As you walk up to the “castle,” as it is commonly known in Andersonville, you can see that it is clearly a landmark building. It was built in 1904 for C. Christiansen at a cost of $6,000. The architect was George L. Pfeiffer. In this eclectic building period in Chicago, many buildings used elements from a variety of historical architectural styles. This building combines elements of English Gothic and Romanesque styles. The exterior, with a turret and rusticated limestone, creates the feeling of a castle. The carved stonework and the cluster columns with carved capitals indicate the craftsmanship of the builder James P. Flick. The current owner has collected a multitude of architectural artifacts, many of stone, and placed them in the yard.

Entering the building, you will go through a small oak-trimmed vestibule to the oak staircase. As you come up the stairs, you can see yourself and a reflection of the hallway framed in an ornate mirror. The owner, a collector and fan of the Rococo style from 18th century France, has found the perfect setting for his collections. Beginning with the plaster molding applied to the walls and carried through with striking color harmonies, the living room provides a setting which evokes the time of Louis XV. An original stained glass window faces east in the living room. It was uncovered by the owner in the late 1970s. The design is floral. Other glass in the bedroom is beveled. There are additional stained glass pieces in the room. Each has a story behind it.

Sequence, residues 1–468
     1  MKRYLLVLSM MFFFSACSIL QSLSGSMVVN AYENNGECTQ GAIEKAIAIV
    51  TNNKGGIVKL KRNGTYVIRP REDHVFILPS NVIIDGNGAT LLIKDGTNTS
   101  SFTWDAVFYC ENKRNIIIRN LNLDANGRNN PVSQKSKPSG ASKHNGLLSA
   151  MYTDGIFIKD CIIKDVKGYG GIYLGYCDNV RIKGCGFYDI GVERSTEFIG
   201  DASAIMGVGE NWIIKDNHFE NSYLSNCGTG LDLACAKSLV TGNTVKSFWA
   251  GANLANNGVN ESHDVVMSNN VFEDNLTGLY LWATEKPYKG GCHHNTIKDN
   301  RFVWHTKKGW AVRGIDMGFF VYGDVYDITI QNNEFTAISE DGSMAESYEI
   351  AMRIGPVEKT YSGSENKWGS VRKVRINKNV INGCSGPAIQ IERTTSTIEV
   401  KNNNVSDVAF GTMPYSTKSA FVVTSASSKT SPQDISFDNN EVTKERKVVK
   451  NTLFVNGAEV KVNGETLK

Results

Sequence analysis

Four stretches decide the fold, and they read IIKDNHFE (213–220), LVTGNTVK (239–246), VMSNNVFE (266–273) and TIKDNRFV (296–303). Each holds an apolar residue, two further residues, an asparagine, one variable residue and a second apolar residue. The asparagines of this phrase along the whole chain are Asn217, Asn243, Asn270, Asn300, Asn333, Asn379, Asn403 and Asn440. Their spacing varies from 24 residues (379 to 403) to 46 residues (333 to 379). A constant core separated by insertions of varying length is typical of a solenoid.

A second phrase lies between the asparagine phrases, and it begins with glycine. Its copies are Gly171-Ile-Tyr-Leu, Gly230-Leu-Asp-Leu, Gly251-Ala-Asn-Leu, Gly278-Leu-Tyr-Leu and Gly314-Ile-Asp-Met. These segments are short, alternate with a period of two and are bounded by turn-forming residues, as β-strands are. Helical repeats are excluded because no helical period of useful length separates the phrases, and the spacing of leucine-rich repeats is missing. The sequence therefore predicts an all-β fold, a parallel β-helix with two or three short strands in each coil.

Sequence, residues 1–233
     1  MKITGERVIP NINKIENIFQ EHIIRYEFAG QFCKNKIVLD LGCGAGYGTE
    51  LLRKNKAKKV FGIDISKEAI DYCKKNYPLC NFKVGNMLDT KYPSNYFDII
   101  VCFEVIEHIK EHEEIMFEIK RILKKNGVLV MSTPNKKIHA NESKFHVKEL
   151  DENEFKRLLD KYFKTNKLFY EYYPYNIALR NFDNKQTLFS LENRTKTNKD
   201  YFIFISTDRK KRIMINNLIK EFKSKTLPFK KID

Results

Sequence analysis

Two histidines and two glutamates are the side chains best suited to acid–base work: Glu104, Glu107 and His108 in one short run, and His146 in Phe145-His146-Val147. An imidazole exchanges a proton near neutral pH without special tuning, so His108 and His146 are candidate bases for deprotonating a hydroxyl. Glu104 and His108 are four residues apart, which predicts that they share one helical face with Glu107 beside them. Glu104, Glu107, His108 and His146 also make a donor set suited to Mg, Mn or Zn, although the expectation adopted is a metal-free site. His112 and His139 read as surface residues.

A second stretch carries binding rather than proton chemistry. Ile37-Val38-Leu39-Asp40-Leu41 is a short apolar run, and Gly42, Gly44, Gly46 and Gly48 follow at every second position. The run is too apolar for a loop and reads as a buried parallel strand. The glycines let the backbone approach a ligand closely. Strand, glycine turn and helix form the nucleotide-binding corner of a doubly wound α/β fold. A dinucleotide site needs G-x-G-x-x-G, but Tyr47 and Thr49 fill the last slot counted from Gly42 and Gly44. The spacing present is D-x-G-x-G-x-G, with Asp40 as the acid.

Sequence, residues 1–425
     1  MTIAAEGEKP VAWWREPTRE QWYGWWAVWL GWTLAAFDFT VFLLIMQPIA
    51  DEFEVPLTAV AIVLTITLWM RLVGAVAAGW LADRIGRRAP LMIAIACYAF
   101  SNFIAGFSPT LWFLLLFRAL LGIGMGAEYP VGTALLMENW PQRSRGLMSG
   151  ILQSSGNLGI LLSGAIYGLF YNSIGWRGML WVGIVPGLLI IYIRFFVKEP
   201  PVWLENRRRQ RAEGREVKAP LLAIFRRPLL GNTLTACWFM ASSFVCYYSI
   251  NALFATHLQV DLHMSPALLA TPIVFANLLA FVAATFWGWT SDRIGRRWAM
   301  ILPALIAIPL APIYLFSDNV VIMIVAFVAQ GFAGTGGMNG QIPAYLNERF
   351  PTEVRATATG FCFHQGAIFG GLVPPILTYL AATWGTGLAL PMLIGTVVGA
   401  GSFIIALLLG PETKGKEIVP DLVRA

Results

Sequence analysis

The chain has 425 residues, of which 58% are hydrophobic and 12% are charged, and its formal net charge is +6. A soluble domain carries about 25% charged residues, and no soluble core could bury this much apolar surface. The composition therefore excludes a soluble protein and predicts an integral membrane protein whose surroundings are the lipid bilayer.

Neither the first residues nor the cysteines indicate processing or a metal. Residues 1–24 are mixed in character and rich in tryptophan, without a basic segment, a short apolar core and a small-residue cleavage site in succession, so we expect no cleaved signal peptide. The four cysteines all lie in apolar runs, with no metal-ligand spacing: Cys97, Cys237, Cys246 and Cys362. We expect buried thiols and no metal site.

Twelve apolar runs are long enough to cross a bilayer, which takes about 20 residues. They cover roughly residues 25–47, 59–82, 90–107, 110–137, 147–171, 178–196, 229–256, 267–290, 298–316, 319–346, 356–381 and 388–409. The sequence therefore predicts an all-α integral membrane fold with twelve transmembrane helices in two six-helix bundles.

The turret ceiling, embellished by the owner with applied angels and Beaux Arts detailing, shows clear glass in the top windows. Because of damage to some of the windows, the faceted glass was removed. The turret itself is quite a curiosity since its main purpose seems to be to bring light into the area.

Off the living area to the right is a small space - a sitting room. There is no connecting hall through the living area to the rest of the house. You must walk through each room in order to reach the next. Towards the back of the living room is a doorway that has been altered to accommodate a modern door. Originally, this doorway may have had a velvet drape to prevent drafts. The next room is the music room. The doorway leading to what was originally the dining room, now an office, has the original pocket doors. The chandelier is from the same time period, but is not original. The east window displays another unique stained glass in a floral design. A built-in buffet/hutch is accented by unusual geometric columns. All the woodwork, ceiling beams, buffet and window trim, is oak.

From the dining room are two doorways. One leads to a sitting room/bedroom which was once two bedrooms. The ceiling light fixture is original to the house and gives an idea of what the others might have looked like. It carries both gas and electric service which was needed at this time since the success of electricity as a power source was not assured. The second doorway leads to the kitchen and bathroom. Note the fleur-de-lis pattern on the bathroom floor. The kitchen has been remodeled and redecorated, but the pantry is still intact.

The owner invites you to walk through the yard to view the beautiful stone fountain and the original garage. Please step carefully since the walkways are not all level. The large tree that fills the backyard is an American Elm. This building is considered a potential landmark by the City of Chicago Landmarks Commission.